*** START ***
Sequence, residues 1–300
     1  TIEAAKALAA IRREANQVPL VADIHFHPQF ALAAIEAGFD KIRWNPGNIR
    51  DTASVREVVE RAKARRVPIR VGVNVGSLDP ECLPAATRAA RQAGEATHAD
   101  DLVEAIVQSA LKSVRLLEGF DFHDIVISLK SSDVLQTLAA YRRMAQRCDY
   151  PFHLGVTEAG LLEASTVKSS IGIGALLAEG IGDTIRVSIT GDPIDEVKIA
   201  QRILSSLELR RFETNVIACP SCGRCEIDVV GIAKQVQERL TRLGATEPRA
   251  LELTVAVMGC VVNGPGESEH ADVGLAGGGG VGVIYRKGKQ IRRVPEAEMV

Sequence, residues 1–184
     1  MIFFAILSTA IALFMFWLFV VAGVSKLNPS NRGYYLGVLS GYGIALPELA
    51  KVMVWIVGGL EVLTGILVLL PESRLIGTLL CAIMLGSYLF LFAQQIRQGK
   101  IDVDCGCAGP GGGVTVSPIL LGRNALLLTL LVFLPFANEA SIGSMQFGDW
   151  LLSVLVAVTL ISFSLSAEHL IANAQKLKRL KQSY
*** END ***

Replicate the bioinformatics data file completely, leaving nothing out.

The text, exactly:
Sequence, residues 1–300
     1  TIEAAKALAA IRREANQVPL VADIHFHPQF ALAAIEAGFD KIRWNPGNIR
    51  DTASVREVVE RAKARRVPIR VGVNVGSLDP ECLPAATRAA RQAGEATHAD
   101  DLVEAIVQSA LKSVRLLEGF DFHDIVISLK SSDVLQTLAA YRRMAQRCDY
   151  PFHLGVTEAG LLEASTVKSS IGIGALLAEG IGDTIRVSIT GDPIDEVKIA
   201  QRILSSLELR RFETNVIACP SCGRCEIDVV GIAKQVQERL TRLGATEPRA
   251  LELTVAVMGC VVNGPGESEH ADVGLAGGGG VGVIYRKGKQ IRRVPEAEMV

Sequence, residues 1–184
     1  MIFFAILSTA IALFMFWLFV VAGVSKLNPS NRGYYLGVLS GYGIALPELA
    51  KVMVWIVGGL EVLTGILVLL PESRLIGTLL CAIMLGSYLF LFAQQIRQGK
   101  IDVDCGCAGP GGGVTVSPIL LGRNALLLTL LVFLPFANEA SIGSMQFGDW
   151  LLSVLVAVTL ISFSLSAEHL IANAQKLKRL KQSY